In: Health Psychology, 09.10.2017.

Research output: Contribution to journalArticle

Hsueh, Loretta ; Vrany, Elizabeth A. ; Patel, Jay S. ; Hollingshead, Nicole A. ; Hirsh, Adam T. ; de Groot, Mary ; Stewart, Jesse C. / Associations Between Immigrant Status and Pharmacological Treatments for Diabetes in US Adults. In: Health Psychology. 2017.
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abstract = "Objectives: Although treatment disparities in diabetes have been documented along racial/ethnic lines, it is unclear if immigrant groups in the United States experience similar treatment disparities. Our objective was to determine whether immigrant status is associated with differences in pharmacological treatment of diabetes in a nationally representative sample of adults with diabetes. We were specifically interested in differences in treatment with oral hypoglycemic agents (OHA) and insulin. Method: Respondents were 2,260 adults from National Health and Nutritional Examination Survey (NHANES) 2003-2012 with a self-reported diabetes diagnosis. Immigrant status was indicated by birth within (U.S.-born) or outside (foreign-born) the 50 U.S. States or Washington, DC. Multinomial logistic regression analyses examined associations between immigrant status and (a) treatment with OHAs only and (b) treatment with insulin only or insulin and OHA combination therapy, using no treatment as the reference group. Results: Adjusting for demographics, diabetes severity and duration, cardiovascular disease (CVD), and CVD risk factors, being foreign-born versus U.S.-born was not associated with treatment with OHAs only (odds ratio [OR] = 1.59; 95{\%} confidence interval [CI] [0.97, 2.60]). However, being foreign-born was associated with decreased odds (OR = 0.53; 95{\%} CI [0.28, 0.99]) of treatment with insulin. Conclusions: Pharmacological treatment of diabetes differs along immigrant status lines. To understand these findings, studies capturing the processes underlying treatment differences in diabetes among immigrants are needed. Findings raise the possibility that integrating information about a patient's immigrant status, in addition to racial/ethnic identity, may be an important component of culturally sensitive diabetes care. (PsycINFO Database Record",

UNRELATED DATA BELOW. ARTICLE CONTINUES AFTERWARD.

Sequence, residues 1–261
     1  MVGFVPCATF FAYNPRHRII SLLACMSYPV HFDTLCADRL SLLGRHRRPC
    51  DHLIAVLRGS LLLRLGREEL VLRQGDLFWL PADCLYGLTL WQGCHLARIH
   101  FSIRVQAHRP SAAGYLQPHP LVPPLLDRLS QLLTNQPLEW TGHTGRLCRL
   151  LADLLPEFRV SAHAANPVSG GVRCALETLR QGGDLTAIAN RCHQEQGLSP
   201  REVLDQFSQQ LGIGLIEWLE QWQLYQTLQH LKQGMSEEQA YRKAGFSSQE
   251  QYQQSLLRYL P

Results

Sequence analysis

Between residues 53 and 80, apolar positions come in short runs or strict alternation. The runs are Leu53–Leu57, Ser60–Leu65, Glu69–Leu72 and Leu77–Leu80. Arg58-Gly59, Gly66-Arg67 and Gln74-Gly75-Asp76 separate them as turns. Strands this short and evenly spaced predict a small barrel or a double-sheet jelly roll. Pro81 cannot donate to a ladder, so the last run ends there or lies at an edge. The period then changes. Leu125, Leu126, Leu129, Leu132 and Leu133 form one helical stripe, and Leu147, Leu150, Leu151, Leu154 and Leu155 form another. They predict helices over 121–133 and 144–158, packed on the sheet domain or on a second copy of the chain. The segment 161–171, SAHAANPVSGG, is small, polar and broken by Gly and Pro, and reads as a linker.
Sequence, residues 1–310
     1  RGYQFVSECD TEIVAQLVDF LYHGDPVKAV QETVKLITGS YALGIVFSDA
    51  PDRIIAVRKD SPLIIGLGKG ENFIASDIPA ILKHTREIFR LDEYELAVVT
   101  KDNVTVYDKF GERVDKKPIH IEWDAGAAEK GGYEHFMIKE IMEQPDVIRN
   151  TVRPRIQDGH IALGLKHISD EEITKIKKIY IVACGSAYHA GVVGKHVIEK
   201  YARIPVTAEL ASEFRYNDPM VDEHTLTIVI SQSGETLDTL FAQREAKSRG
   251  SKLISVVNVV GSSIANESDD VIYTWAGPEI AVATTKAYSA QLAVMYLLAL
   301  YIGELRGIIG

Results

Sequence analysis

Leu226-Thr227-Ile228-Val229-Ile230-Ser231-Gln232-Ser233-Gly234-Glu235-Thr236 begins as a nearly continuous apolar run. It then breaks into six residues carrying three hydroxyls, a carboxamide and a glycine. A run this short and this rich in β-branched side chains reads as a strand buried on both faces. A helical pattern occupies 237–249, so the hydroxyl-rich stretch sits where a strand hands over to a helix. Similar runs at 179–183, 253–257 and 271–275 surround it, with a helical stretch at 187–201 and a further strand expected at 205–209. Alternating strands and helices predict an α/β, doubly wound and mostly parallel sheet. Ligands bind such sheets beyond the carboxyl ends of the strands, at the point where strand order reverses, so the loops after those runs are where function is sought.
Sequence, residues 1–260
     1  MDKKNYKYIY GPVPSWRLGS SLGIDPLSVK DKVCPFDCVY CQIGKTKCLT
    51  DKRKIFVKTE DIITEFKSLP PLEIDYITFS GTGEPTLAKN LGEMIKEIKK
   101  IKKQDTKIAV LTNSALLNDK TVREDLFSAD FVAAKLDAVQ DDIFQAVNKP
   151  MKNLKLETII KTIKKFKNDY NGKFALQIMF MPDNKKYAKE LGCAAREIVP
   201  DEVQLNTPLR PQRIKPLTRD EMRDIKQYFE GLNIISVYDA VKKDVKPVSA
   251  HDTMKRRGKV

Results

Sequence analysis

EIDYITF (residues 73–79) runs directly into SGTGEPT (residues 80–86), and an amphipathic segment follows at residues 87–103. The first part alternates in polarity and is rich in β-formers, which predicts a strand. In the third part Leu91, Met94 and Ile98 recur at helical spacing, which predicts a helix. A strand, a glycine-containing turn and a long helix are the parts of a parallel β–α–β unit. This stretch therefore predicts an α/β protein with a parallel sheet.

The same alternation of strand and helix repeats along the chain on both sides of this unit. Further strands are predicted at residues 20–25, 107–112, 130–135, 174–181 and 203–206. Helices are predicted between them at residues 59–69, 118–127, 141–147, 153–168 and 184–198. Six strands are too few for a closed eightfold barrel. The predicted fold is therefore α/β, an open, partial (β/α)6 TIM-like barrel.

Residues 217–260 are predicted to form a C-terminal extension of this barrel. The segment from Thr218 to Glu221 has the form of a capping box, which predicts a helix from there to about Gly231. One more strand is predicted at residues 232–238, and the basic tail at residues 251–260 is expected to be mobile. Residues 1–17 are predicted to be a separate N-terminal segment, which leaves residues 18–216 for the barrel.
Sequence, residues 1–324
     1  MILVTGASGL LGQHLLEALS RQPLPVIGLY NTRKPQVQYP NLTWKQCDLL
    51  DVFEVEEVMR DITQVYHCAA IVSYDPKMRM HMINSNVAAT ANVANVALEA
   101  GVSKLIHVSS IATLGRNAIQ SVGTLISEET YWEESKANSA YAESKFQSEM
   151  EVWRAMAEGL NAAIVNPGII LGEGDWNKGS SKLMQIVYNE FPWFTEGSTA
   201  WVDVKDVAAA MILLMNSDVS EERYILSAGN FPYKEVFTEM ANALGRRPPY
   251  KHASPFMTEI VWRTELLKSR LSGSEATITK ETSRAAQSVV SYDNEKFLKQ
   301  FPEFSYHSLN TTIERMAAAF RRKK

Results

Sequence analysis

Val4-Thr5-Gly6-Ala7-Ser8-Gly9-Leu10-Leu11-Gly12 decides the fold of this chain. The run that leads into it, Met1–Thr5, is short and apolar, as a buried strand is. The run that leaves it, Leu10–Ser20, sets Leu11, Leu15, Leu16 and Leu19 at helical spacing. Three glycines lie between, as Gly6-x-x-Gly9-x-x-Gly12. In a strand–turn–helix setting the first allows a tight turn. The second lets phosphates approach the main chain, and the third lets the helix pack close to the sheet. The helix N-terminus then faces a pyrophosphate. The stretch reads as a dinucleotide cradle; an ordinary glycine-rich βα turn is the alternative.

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AU - Hirsh, Adam T.

AU - de Groot, Mary

AU - Stewart, Jesse C.